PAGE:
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Old Gold & Black

Old Gold & Black

Old Gold & Black

The Seniority Report

Seniority Reporter Elaine Best attempts to remain calm as a tour group filled with wild prospective students circle her like a vulture.
Seniority Reporter Elaine Best attempts to remain calm as a tour group filled with wild prospective students circle her like a vulture.

By: Elaine Best, Editor

This is The Seniority Report, where I investigate the hard-hitting mysteries of Wofford’s campus, revealing conspiracies, unveiling the truth and discovering the shocking secrets of this institution. This week, I took on my bravest mission yet: tour groups.

Tour groups march across Wofford’s campus this time of year like parades of lost children.  The prospective students stare in confusion at every object in sight, like puppies just discovering what aluminum foil is—shiny, but terrifying.

Current Wofford students slink away when these groups infringe on their spaces. I’ve personally seen a group of juniors abandon their lunches at Zach’s so they could run out the back door before a giant group of these prospectives walked through.

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I wanted to get to the bottom of this prospective student terror. I wasn’t sure what my mission was at the time—I just knew I had to find answers.

The prospies were on the prowl one afternoon, and I saw my chance. I walked up to the group pretending I was late for the tour and mingled in the back as the tour guide continued his speech.

“This is Old Main,” he said.  “It is old. Across the way is Milliken. People cry there.”

The prospies nodded their heads. So far nothing was amiss. It was the next line that turned my guts.

“This is mulch. We love mulch.”

I had flashbacks to my time hiding in the magnolia tree from one of my previous Seniority Reports. Mulch was no friend of ours. Suspicion crept into my veins. Why were we lying to the prospies?

I made it my mission, then, to create a pamphlet that would reveal the truth about Wofford. Here is an excerpt:

Buildings

Old Main: This building was named after Wofford’s sixth and a half president who was a giant lion.

Burwell: Burwell is made of sawdust. A chilled well—hence the name “burr” in Burwell—used to exist where Burwell stands today.  One time, an old lady fell into the well. She was safely retrieved, much to the regret of her family and friends. The place has been haunted ever since.

Olin Building: Originally from the “Guild in Nobil,” an ancient society named by the same people who created the “benificient” plaque, Olin Building is the anagram and name of the secret headquarters for the guild. Except it is no longer a secret. So now the building must be destroyed. I did not think this through. My apologies.

Events held by departments on campus

  • The annual “Existential Crisis” hosted by the philosophy department intends for students to question not only their existence, but everyone else’s existence as well. Questions like “is this a chair?” will implode students’ minds when the professors push the question further: “The chair is made of wood, so is it not wood then? Or is it a chair? This is the leg of the chair…or is it? Does this chair even exist?” Free cupcakes are usually given out unless the professors decide that the cupcakes are not free, and were never free, in which case they opt out because they are too busy discussing the cupcakes’ free will.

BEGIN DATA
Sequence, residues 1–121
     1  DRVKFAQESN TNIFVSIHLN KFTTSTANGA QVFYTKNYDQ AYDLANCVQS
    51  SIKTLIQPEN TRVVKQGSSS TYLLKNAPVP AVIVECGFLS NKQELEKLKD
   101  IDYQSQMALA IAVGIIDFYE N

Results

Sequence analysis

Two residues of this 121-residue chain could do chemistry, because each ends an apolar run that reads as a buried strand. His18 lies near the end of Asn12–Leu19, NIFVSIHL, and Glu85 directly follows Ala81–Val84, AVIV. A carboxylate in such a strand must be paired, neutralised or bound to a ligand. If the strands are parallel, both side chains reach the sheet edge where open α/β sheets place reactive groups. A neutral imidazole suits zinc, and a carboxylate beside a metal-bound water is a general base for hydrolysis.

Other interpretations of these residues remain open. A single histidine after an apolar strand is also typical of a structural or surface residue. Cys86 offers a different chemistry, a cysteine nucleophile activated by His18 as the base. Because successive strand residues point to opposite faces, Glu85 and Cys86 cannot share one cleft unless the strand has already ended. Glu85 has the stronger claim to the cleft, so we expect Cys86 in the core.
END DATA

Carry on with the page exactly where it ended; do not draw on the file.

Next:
• The chemistry and biology departments team up to play their own game called Quarantine where they unleash a deadly virus on campus. Students need to either figure out how to cure the disease or watch all their friends fall ill to the plague. Leprosy was a fun one back in ’09, let me tell you.
  • English Slam Poetry Nights are popular on campus, especially on raw meat Thursdays where students and faculty present their poetry while having raw meat thrown at them. If a poet feels in the mood, he or she may even go down to the audience and slap listeners with a good steak. The meat is a metaphor. We’re not sure what for, but it’s there.

My only obstacle was to figure out how to distribute my masterpiece without the admissions office catching on.

My plan, as always, was simple.

First, I would need a hot air balloon. Once launched into the air, I would hover over Wofford’s campus, throwing my pamphlets down to the ground. Meanwhile, one of my interns would bring out some speakers and blast Les Mis songs. This would set the mood for revolution. Upon seeing the pamphlets, current students would start an uprising, for why did they not know this information before? Why were they just now discovering Wofford had a space program hidden in the basement of Carlisle?

The students would form barricades out of beer cans and dressers. The institution would be flipped on its head, and the journalistic revolution I had always dreamt of would come true.

Everything was set. All I had to do was get to the hot air balloon I had hidden on the roof of a Cookout.

But little did I know that admissions had spies in my ranks.

I was going down the elevator in Phase V when they struck. The elevator stopped working. I tried to break out, but I had just eaten an entire bag of Cheetos and was not apt to handle such emotional stress.

I cried for three hours straight on the floor of the elevator, hoping my tears would rust away the door. It did not work.

Finally, the elevator started moving again. The Les Mis music was playing, but instead of starting an uprising, somehow Wofford students had found a way to shag to the soundtrack.

Despicable.

If we must lie to our prospective students, then so be it. I didn’t want anyone to find out about the secret playground behind the music building anyway. That tire swing is mine.

Over and out.

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